Employees Biggest Security Risk to SMEs

IT firm McAfee syas that the biggest security risk for Britain’s SMEs is these firms’ very own employees…

USBResearch by IT security firm McAfee says that, despite all the IT trainign and security measures put in place by the UK’s small and medium-sized enterprises (SMEs), it is the employees who pose the greatest risk in terms of keeping data secure.

The bad news is that even staff who have received IT training are at risk. 58% of empployees at SMEs who have had their email hacked have been sepcifically trained in email security.

The good news is that a large proportion of small and medium-sized businesses are making the effort to educate their employees about secxurity risks. About 68% of firms are doing just this and a similar number are actually providing training.

Worryingly though, as many as a quarter of employees of SMEs are not bothered about security, despite around 80% of staff believing that digital data is paramount to business success.

Half of staff at small businesses regularly handle client contact data with nearly as many dealing with client invoice data and the same again handling confidential client data.

The McAfee survey revealed that a third of staff believed that the biggest security threat to this data was other employees with 11% actually experiencing security breaches caused by other workers. 5% of those polled admitted that they had caused security breaches themselves/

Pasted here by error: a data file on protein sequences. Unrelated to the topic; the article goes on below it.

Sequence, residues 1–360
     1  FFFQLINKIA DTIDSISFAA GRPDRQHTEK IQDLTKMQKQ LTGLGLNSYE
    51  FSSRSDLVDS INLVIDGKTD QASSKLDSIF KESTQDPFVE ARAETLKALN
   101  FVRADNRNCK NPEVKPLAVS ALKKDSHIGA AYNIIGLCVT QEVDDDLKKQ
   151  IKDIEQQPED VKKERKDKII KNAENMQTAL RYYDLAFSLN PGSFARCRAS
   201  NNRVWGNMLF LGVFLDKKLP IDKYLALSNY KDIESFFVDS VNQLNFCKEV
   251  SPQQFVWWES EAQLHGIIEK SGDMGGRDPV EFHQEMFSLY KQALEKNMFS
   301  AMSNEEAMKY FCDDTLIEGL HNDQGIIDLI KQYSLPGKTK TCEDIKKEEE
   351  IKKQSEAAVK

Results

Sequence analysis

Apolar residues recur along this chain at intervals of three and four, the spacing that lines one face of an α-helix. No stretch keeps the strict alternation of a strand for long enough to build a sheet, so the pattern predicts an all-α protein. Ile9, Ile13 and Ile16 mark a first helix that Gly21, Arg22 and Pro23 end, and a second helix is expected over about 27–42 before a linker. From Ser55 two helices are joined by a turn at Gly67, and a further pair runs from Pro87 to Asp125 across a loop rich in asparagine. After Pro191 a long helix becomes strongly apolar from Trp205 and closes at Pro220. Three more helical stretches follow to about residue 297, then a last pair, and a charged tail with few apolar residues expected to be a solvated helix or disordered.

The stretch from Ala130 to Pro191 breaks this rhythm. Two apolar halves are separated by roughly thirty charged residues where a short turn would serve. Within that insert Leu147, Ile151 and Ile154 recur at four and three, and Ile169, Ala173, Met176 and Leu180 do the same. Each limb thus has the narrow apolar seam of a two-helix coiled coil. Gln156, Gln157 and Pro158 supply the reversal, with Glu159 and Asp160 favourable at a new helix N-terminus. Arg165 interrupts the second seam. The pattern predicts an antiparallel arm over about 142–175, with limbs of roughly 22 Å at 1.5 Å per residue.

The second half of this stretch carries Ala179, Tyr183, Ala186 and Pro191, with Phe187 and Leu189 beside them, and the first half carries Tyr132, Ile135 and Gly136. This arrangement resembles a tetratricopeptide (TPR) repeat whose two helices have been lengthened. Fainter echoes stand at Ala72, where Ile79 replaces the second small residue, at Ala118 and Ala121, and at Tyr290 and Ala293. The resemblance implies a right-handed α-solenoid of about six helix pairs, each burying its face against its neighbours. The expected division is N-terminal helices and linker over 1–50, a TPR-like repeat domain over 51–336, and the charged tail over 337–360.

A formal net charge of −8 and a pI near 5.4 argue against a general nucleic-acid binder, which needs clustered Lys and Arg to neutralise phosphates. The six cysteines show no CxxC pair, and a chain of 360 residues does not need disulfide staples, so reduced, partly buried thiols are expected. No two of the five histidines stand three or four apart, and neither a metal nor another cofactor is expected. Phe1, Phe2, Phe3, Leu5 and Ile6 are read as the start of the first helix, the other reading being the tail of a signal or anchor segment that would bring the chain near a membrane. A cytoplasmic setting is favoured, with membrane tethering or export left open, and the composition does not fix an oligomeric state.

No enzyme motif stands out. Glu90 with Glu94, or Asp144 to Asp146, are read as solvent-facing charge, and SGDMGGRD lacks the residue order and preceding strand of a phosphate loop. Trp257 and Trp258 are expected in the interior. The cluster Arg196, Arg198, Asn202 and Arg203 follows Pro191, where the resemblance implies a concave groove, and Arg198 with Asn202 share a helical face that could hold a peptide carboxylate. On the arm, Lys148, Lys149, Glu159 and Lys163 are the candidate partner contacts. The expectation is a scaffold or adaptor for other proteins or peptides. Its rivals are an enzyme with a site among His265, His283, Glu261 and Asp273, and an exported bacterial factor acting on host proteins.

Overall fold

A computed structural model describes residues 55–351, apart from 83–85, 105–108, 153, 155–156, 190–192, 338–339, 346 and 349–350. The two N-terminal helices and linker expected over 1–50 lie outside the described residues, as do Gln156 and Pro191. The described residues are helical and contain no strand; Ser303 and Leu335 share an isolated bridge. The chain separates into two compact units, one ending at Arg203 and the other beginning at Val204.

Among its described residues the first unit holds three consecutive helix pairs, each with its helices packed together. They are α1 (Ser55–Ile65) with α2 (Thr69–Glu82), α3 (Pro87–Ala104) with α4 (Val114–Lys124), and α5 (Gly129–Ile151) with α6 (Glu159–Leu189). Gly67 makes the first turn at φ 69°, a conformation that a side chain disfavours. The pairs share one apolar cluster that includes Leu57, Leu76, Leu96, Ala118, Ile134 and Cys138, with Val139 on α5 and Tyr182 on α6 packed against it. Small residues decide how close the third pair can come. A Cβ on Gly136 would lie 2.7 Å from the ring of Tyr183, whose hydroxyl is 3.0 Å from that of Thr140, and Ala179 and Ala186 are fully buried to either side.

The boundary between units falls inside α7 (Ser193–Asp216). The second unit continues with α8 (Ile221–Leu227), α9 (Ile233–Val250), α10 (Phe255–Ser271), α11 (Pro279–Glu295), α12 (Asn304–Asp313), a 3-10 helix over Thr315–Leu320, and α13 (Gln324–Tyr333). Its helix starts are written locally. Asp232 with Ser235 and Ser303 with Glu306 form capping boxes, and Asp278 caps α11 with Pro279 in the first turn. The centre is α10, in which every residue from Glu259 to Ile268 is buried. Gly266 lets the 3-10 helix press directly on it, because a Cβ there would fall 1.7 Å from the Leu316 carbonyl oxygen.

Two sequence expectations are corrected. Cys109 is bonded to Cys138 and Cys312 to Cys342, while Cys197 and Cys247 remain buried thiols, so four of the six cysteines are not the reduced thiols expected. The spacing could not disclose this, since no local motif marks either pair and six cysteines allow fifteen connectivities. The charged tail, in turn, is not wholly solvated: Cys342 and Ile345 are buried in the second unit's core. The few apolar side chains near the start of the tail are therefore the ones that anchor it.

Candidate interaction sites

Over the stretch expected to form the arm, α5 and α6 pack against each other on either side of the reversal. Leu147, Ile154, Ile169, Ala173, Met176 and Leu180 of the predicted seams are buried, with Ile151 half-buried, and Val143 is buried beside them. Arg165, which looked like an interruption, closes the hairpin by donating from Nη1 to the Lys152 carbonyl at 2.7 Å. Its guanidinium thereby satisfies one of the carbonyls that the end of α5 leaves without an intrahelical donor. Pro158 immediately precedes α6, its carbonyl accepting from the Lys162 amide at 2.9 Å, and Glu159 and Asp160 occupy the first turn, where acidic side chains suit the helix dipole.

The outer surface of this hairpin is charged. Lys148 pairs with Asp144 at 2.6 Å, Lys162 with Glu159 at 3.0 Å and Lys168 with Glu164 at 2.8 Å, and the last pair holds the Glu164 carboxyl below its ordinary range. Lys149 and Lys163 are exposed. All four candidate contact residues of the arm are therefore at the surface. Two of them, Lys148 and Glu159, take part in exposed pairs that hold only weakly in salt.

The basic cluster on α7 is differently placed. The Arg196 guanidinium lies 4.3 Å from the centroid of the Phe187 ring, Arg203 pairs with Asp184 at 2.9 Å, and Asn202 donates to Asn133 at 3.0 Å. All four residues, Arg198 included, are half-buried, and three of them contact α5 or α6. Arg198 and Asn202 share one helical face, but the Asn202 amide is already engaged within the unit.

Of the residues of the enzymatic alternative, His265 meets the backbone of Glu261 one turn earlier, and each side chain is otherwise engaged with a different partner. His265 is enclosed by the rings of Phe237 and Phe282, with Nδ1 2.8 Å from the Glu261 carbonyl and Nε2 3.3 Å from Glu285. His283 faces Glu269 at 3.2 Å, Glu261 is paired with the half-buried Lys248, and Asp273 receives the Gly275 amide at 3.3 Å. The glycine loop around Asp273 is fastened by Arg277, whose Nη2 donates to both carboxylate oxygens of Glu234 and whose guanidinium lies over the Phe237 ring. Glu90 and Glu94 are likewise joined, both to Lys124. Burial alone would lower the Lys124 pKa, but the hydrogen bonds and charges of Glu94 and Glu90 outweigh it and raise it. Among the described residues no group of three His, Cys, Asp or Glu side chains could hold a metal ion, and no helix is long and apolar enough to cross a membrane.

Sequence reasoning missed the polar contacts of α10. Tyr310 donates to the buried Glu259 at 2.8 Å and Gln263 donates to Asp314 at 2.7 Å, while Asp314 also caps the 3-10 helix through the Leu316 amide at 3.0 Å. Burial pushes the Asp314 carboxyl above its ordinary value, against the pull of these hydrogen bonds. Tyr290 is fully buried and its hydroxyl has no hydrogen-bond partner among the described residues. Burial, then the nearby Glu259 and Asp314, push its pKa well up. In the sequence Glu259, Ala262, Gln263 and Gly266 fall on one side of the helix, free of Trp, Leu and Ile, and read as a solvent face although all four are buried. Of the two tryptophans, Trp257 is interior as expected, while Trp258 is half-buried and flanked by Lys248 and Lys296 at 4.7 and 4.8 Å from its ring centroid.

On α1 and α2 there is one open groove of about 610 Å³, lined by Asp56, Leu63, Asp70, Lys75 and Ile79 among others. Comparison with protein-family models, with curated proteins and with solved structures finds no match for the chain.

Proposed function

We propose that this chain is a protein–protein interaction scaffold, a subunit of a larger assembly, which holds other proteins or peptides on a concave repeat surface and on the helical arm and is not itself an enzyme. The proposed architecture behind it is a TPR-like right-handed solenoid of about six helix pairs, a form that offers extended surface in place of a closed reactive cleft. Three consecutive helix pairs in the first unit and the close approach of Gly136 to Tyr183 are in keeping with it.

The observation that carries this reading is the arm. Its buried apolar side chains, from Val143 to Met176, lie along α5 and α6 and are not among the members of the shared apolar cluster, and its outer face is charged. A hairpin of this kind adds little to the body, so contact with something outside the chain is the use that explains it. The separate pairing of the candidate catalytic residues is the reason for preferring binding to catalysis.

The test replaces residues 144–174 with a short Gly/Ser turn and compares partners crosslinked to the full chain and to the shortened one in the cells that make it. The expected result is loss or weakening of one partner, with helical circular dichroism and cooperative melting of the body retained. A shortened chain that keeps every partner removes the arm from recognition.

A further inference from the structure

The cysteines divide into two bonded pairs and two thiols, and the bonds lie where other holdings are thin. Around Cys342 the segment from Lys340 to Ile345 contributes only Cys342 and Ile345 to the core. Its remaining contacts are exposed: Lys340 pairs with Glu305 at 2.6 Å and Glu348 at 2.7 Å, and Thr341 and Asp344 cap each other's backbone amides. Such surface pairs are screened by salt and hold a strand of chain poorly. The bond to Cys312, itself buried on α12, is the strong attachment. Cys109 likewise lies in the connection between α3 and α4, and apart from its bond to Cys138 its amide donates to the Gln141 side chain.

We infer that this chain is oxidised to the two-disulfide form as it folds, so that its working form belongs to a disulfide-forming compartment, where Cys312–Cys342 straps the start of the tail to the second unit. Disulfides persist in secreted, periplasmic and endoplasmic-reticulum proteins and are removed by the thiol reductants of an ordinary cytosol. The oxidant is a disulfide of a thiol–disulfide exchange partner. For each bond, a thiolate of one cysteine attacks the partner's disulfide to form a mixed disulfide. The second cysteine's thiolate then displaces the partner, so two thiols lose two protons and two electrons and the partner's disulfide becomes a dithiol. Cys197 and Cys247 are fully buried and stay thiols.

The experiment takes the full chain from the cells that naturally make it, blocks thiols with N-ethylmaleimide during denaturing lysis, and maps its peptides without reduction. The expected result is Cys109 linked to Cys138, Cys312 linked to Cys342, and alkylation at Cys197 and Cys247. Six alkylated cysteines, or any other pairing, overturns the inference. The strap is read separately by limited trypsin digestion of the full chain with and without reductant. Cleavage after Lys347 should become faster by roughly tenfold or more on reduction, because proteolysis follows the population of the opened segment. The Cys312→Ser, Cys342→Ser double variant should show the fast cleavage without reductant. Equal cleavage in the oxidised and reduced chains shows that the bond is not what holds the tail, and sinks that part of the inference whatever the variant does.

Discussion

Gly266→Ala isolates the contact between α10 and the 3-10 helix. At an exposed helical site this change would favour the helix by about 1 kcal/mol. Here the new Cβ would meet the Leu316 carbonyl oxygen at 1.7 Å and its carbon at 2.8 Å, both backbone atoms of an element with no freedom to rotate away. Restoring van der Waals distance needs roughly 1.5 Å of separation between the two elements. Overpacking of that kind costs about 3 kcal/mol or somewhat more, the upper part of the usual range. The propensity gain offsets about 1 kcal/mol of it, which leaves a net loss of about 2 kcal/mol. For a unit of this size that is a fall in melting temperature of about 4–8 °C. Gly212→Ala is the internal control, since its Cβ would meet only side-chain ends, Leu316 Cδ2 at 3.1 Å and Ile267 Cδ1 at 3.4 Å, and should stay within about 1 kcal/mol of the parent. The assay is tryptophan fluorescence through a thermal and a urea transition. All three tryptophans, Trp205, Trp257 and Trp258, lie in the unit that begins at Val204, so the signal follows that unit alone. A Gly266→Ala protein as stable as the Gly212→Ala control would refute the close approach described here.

The risk is further increased by the use of employees bringing their own devices into work (BYOD – Bring Your Own Device). As many as 20% of employees of small and medium businesses are using their own devices at work.

Raj Samani, Chief Technical Officer (CTO) at McAfee EMEA, said of the findings:

“Employees play critical roles in protecting customer records, intellectual property and critical business data. Investments in hardware or software are in vain if employees don’t follow the rules. If there are any rules or guidelines, that is to say.”

On the subject of BYOD, Samani added:

“BYOD and BYOS create security vulnerabilities SMEs need to understand and deal with today. Private usage of devices or services not only opens backdoors to a businesses’ security infrastructure, it also creates an environment where companies cannot control how their data is being accessed, stored or shared.”

Regarding the fact that, despite training their staff, SMEs were still being "hacked", Samani went on to say:

“The study reveals a disconnect between SMEs’ efforts to make security part of their employees’ mindset and employees recognising it as part of their responsibility.”

“For employees to say cyber security is not their concern is not acceptable. Cyber security is a shared responsibility: Owners, managers, IT professionals, employees and security providers alike must work together to stop cybercrime.”

On a final note, Samanu said that SMEs nust work harder to eductae anbd prpeare their staff and to protect their business data:

“More than a third of global targeted attacks are now aimed against small businesses, so SMEs clearly need to do more to educate employees to make them understand the responsibility carried by each individual. SMEs have to include their employees as an integral part of their security strategy and provide easy-to-manage security that will protect all devices, both remote and in the office.”

Related Articles

For more information on security for your small business take a look at our business advice articles Three Questions to Ask your IT Department about BYOD, The Risks of BYOD for Small Business.

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